Mechner's Lists

Posted by on Dec 18, 2009 in Design, RPGs, Story, Video Games | 4 Comments

Jordan Mechner is among my favorite game designers, not least because I dig the way he integrates stories into gameplay. I played the original Prince of Persia and the later reinvention, The Sands of Time, over and over again, sometimes to sample the story again and sometimes for gameplay. Seriously, I played those game a lot. If time devoted[1] is success earned in game design (and maybe it isn’t, I just made that up), then these games are wild successes in my eye.

I tell you this so you’ll see my bias. I think Mechner’s two lists of tips for game designers are pretty good sources of advice—clear and wise—but I may be too much the devotee. What do you think about these lists of tips?

Several of these would make great Things, I think. But take a closer look at that second list and consider this: how might it apply to the at-home DM running her weekly campaign? If an RPG campaign is a game in active development—a title that either never streets or streets every week during play, depending on your perspective—what does the DM (or the whole group!) have to learn from game-development tips? Some of Mechner’s lessons apply during play, some during preparation, but I think each can be used to examine the work the DM does in designing, if you will, her own D&D game title week by week.

1. (by the player)


  1. Will Hindmarch
    December 18, 2009

    Item #6 in “Tips for Game Designers” (“It’s harder to sell an original idea than a sequel”) may be the tip that doesn’t translate. In my experience, gamers are more eager to play in an original, or somewhat independent, setting than in something like a mock-sequel to some beloved property. RPG campaigns, in my experience, are also more likely to swell like long-running series (of TV episodes or novels, eg) than they are to “sequelize” like features do.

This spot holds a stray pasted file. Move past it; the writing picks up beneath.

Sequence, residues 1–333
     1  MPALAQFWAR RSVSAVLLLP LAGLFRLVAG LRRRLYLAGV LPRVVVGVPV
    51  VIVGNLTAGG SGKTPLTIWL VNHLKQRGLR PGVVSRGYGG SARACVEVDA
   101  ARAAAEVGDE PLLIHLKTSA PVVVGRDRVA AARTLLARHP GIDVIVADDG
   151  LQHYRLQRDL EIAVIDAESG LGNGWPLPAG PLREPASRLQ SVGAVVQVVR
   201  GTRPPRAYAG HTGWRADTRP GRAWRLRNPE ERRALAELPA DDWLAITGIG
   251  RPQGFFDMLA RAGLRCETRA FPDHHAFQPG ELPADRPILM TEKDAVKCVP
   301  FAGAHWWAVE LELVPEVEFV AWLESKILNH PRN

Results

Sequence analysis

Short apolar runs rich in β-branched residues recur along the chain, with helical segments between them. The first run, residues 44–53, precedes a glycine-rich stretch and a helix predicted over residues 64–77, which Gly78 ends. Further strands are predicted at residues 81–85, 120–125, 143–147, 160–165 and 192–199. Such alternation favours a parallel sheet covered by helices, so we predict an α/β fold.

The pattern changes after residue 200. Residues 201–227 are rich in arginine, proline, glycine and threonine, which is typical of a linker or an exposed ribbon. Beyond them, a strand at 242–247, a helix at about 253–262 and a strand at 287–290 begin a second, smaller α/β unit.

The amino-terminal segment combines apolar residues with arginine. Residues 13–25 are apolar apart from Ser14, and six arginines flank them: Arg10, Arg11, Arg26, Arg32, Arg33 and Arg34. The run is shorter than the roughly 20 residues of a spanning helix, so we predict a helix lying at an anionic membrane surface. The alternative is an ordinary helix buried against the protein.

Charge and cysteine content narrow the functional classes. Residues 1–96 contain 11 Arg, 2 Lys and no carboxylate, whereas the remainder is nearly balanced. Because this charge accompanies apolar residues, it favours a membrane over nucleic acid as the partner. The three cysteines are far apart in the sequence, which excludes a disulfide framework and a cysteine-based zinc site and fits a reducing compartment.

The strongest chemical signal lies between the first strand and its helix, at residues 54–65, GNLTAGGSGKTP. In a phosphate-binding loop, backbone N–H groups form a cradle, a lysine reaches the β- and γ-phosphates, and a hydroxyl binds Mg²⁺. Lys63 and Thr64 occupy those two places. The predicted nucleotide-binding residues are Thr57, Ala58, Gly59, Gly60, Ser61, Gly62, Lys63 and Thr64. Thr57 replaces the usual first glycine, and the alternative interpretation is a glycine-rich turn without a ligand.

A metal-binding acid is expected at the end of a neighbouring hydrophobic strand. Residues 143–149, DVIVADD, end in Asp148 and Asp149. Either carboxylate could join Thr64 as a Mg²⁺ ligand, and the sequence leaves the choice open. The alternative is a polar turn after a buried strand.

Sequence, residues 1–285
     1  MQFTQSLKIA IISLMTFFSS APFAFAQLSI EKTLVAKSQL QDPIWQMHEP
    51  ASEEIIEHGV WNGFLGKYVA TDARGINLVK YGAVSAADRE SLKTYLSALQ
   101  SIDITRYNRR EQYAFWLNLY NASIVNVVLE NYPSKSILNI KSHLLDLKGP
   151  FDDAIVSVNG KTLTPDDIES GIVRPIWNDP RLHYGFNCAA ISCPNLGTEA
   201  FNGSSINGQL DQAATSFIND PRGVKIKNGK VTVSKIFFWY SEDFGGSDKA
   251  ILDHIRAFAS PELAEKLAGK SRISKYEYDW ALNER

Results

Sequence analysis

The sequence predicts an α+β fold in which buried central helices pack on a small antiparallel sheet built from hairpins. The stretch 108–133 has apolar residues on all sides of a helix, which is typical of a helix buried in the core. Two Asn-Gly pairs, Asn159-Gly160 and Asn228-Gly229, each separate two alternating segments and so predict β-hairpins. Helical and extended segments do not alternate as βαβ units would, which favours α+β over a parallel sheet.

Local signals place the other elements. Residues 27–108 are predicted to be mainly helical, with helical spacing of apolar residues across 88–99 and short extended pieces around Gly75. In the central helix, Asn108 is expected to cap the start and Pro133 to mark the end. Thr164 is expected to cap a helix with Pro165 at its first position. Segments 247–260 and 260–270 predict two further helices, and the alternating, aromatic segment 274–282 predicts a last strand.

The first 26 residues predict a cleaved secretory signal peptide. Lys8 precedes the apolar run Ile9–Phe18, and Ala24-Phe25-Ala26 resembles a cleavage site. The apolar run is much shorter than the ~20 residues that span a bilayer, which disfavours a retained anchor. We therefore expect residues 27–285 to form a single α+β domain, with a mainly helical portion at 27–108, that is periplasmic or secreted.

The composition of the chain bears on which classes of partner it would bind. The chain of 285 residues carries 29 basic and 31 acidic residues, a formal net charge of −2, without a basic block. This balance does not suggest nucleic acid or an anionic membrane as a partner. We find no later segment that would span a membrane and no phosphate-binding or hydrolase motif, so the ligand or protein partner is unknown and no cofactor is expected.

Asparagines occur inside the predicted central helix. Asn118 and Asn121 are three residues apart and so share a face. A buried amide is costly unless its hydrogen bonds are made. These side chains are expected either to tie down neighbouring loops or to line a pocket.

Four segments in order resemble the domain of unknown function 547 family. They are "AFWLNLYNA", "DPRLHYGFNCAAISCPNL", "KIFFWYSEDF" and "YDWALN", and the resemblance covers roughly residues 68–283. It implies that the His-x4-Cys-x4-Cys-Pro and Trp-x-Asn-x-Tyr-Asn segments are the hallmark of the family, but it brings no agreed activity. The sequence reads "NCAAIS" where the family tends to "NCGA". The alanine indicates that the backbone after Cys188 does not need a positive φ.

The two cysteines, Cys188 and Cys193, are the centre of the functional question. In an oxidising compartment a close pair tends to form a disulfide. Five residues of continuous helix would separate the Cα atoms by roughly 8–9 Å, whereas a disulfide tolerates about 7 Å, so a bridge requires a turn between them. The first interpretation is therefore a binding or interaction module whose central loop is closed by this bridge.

Maybe my experience is unusual.

  2. Nick Wedig
    December 18, 2009

    #11 in “designing Story Based Games” might actually be more applicable to rpgs than to video games. I know that I hate it when I feel like I finished a video game but only saw half the stuff, and I hate replaying to find additional content and discovering there’s less additional content than I thought.

    But in a tabletop game, creating a sense of a larger world (and making it seem like the GM is far more prepped than he really is) can greatly add to player buy-in and immersion and such.

  3. Will Hindmarch
    December 22, 2009

    I certainly agree that the illusion of more is vital to a good F2F/tabletop/paper RPG campaign, Nick. I hear where you’re coming from, with regard to the frustration of discovering a game is smaller than it appears on replay, but I prefer that to feeling as if a game’s world and characters are utterly exhausted by the first play-through.

    The illusion of more isn’t just the notion that there’s untapped play to be had in one particular title, but the sense that the setting continues on beyond the edges of the game level. (Plus, this is good design for modern games intent on becoming franchises — HALO created a universe with room for ODST and HALO WARS and so on, e.g.)

  4. Jeff Tidball
    January 5, 2010

    Wow, numbers 14–20 in the second list are good advice for all artists.

    In particular, it took me a long-ass time to realize that the voice of criticism is always right (#14), and to trust my own internal voice of criticism instead of telling it to shut up and just see if [whatever project] could be successful even given whatever shortcoming internal critic was berating it for.


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